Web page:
|Steven Chu||Known for his research at Bell Labs and Stanford University in cooling and trapping of atoms with laser light, which won him the Nobel Prize in Physics in 1997, along with his scientific colleagues Claude Cohen-Tannoudji and William Daniel Phillips.|
|Steven Cundiff||Was instrumental in the development of the first frequency comb that led to one half of the 2005 Nobel prize. Also made significant contributions to the ultrafast dynamics of semiconductor nanostructures, including the 2014 discovery of the dropleton quasi-particle.|
|Stuart Feldman||Creator of the computer software program make for UNIX systems. He was also an author of the first Fortran 77 compiler, and he was part of the original group at Bell Labs that created the Unix operating system.|
|Trevor Hastie||Known for his contributions to applied statistics, especially in the field of machine learning, data mining, and bioinformatics.|
|Zhenan Bao||Development of the first all plastic transistor, or organic field-effect transistors which allows for its use in electronic paper.|
|Walter Houser Brattain||With fellow scientists John Bardeen and William Shockley, invented the point-contact transistor in December, 1947. They shared the 1956 Nobel Prize in Physics for their invention.|
|Willard Boyle||Shares the 2009 Nobel Prize in Physics with George E. Smith for "the invention of an imaging semiconductor circuit—the CCD sensor, which has become an electronic eye in almost all areas of photography."|
|William B. Snow||Made major contributions to acoustics from 1923–1940. Fellow of the Audio Engineering Society (AES), received its Gold Medal Award in 1968.|
|William Shockley||With John Bardeen and Walter Brattain, the three scientists invented the point-contact transistor in 1947 and were jointly awarded the 1956 Nobel Prize in Physics.|
|Yann LeCun||Recognized as a founding father of convolutional neural networks and for work on optical character recognition and computer vision. He received the Turing Award in 2018 with Geoffrey Hinton and Yoshua Bengio for their work in deep learning.|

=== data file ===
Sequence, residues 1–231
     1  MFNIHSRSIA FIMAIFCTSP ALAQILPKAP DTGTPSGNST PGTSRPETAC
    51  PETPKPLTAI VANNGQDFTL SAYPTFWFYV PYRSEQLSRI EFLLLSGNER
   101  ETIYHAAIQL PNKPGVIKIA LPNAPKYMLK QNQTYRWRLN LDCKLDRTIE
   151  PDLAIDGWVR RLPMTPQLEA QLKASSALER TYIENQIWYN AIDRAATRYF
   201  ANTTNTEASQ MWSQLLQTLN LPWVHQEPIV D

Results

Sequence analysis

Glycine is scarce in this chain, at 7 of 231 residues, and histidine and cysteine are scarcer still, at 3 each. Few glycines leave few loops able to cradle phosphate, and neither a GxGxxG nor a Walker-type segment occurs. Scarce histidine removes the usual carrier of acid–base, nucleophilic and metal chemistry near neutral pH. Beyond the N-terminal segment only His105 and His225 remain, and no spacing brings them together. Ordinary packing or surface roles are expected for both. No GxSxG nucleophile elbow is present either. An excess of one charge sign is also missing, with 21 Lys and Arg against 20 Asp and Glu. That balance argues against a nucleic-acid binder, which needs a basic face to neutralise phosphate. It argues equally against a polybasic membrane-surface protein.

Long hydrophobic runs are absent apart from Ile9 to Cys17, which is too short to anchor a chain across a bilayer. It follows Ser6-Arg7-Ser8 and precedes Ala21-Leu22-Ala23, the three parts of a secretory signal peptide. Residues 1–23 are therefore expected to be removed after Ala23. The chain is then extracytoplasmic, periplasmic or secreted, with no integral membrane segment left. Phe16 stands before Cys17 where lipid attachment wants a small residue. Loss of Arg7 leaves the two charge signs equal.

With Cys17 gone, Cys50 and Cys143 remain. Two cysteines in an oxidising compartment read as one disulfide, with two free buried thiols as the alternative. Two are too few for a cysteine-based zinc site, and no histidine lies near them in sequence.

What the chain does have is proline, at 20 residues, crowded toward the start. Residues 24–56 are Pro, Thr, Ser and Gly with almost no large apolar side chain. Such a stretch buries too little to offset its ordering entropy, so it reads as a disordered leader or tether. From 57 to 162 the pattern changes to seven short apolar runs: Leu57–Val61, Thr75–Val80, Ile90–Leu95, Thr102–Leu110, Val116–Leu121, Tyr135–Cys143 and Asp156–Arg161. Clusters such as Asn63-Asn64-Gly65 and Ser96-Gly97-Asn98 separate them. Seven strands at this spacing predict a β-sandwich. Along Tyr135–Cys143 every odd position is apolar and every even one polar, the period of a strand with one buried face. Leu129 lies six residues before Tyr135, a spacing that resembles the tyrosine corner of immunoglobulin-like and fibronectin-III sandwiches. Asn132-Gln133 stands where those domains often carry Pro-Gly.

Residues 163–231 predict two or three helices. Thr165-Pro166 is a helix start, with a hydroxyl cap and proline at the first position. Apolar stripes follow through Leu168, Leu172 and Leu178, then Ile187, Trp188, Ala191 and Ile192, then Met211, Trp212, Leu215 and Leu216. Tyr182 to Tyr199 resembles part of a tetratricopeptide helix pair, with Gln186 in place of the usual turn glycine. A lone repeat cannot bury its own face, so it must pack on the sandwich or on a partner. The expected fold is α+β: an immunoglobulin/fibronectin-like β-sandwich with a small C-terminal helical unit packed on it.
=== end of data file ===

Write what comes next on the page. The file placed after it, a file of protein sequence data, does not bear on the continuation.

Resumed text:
|Yoshua Bengio||Received the Turing Award in 2018 with Geoffrey Hinton and Yann LeCun for their work in deep learning.|
|Edward Lawry Norton||Famous for the Norton's theorem.|
|Maurice Karnaugh||Famous for the Karnaugh map.|
|Warren P. Mason||Founder of distributed-element circuits, inventor of the GT quartz crystal, and many discoveries and inventions in ultrasonics and acoustics.|
|Sharon Haynie||Developed DuPont's bio-3G product line and adhesives to close wounds.|
On May 20, 2014, Bell Labs announced the Bell Labs Prize, a competition for innovators to offer proposals in information and communication technologies, with cash awards of up to $100,000 for the grand prize.
Bell Labs Technology Showcase
The Murray Hill campus features a 3,000-square-foot (280 m) exhibit, the Bell Labs Technology Showcase, showcasing the technological discoveries and developments at Bell Labs.
The exhibit is located just off the main lobby and is open to the public.
- Bell Labs Holmdel Complex
- Bell Labs Technical Journal—Published scientific journal of Bell Laboratories (1996–present)
- Bell System Technical Journal—Published scientific journal of Bell Laboratories (1922–1983)
- Bell Labs Record
- Industrial laboratory
- George Stibitz—Bell Laboratories engineer—"father of the modern digital computer"
- History of mobile phones—Bell Laboratories conception and development of cellular phones
- High speed photography & Wollensak—Fastax high speed (rotating prism) cameras developed by Bell Labs
- Knolls Atomic Power Laboratory
- Simplified Message Desk Interface
- Sound film—Westrex sound system for cinema films developed by Bell Labs
- TWX Magazine—A short-lived trade periodical published by Bell Laboratories (1944–1952)
- Walter A. Shewhart—Bell Laboratories engineer—"father of statistical quality control"
- "Worse is Better"—A software design philosophy also called "The New Jersey Style" under which UNIX and C were supposedly developed
- Experiments in Art and Technology—A collaboration between artists and Bell Labs engineers & scientists to create new forms of art.
Credits to the contents of this page go to the authors of the corresponding Wikipedia page: en.wikipedia.org/wiki/Bell Labs.